The Netherlands has two types of capital companies: the NV (public limited company) and the BV (private limited company). One major difference between the two company forms has to with the shares. The introduction of the flex BV (Flex Private Limited Company) has diminished the differences in this area. The ‘tackling’ of bearer shares could cause the NV and BV to grow closer to each other as far as shares are concerned.
The NV is characterised by openness: the shares are in principle freely marketable and not registered (hence its status as a ‘public company’). The shares of a BV are in principle not freely marketable and are indeed registered (hence the ‘private’ nature of the BV). With the introduction of the flex BV, it has also become possible to stipulate that the shares in the BV are indeed freely marketable: share transfer restrictions are no longer mandatory in the company’s articles of association.
Freely marketable shares
Because the shares in the NV are, in principle, always freely marketable, entrepreneurs who want to have the company listed on a stock market will usually opt for the NV as the company’s form. The distinction between the NV and the BV in terms of the free marketability of shares has been largely eliminated with the introduction of the flex BV. The important difference remains that shares in a BV do not include any bearer shares, which can be privately transferred.
At the moment of writing, the NV allows the possibility of both registered shares and bearer shares. A restriction on bearer shares seems to be imminent, however, as evidenced by the letter from State Secretary Eric Wiebes in the context of preventing money laundering and terrorism financing.
The state secretary writes:
‘[…] Dutch public companies (hereafter: NVs) can issue bearer shares. Bearer shares of unlisted NVs are not registered and are freely marketable by private instrument. Shareholders remaining anonymous can result in abuse, tax evasion and money laundering.[…]’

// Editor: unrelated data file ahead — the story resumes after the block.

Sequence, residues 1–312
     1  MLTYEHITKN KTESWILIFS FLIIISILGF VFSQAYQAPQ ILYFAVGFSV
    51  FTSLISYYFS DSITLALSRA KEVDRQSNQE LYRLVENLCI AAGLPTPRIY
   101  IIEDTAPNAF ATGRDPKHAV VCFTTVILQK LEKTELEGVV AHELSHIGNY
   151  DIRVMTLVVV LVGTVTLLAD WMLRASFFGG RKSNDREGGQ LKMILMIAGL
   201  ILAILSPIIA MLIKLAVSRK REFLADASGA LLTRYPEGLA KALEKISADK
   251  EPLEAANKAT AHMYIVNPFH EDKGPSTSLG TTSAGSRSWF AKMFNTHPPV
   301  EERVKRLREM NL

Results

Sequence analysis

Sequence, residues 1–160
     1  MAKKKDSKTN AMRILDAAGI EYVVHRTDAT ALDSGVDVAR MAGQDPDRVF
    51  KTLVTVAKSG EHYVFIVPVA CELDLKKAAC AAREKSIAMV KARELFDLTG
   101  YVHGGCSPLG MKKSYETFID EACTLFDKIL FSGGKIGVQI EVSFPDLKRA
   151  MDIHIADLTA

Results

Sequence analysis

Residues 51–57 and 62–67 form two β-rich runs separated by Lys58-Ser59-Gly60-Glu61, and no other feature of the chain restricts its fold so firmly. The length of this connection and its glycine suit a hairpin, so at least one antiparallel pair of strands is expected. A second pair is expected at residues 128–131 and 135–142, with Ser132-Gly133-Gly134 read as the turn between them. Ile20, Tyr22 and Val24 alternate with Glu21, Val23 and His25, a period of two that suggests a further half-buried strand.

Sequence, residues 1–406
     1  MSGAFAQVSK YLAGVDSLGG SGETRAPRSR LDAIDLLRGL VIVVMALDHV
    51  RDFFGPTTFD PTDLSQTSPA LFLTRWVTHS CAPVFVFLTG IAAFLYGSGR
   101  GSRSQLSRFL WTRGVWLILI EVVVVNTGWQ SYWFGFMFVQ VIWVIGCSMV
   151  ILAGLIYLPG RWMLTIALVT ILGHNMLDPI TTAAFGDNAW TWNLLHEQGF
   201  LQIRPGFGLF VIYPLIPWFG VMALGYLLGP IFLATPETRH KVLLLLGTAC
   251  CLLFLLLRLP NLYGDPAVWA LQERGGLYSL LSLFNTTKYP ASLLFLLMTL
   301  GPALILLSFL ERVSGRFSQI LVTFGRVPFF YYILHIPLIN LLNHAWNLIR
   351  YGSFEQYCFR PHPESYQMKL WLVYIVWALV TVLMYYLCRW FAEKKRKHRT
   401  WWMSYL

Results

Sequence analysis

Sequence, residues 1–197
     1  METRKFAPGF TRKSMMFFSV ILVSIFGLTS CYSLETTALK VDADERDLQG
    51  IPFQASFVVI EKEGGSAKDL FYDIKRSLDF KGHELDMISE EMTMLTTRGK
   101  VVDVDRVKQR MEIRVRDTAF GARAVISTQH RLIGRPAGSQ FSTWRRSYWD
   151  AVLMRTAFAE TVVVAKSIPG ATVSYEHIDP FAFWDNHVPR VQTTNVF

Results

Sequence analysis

‘[…] The result for which the government is aiming is to have bearer shares that currently can still be kept at home in tangible form only available in book-entry form in future. […].’
Three measures are aimed at achieving this:
- It will be mandatory for bearer shares to be put in the custody of an intermediary or central institute.
- Bearer shares will only be able to be transferred in book-entry form.
- The rights of holders of bearer shares will be suspended as long as the requirements of registering these and putting them into custody are not satisfied.
The Global Forum of the Organisation for Economic Cooperation and Development (OECD) also seems to find the potential anonymity allowed by the current form of bearer shares in the Netherlands to be undesirable. Page 24 of the ‘peer review report‘ from 2013 states:
‘52. Public limited liability companies (‘NV’s’, added by author) are allowed to issue bearer shares (‘toonderaandelen’, added by author). Some bearer shares are in circulation at present, but there are insufficient mechanisms in place to ensure the availability of information on the owners of bearer shares.’
The aforementioned letter from the state secretary also states that the government will put a draft online for consultation at the beginning of 2017 and hopes to present a legislative proposal to the Lower House of Parliament in the second half of 2017. It therefore looks as if bearer shares in their current form will soon be a thing of the past. I am not entirely convinced that this will actually be achieved. Nonetheless, we will keep you abreast of the developments.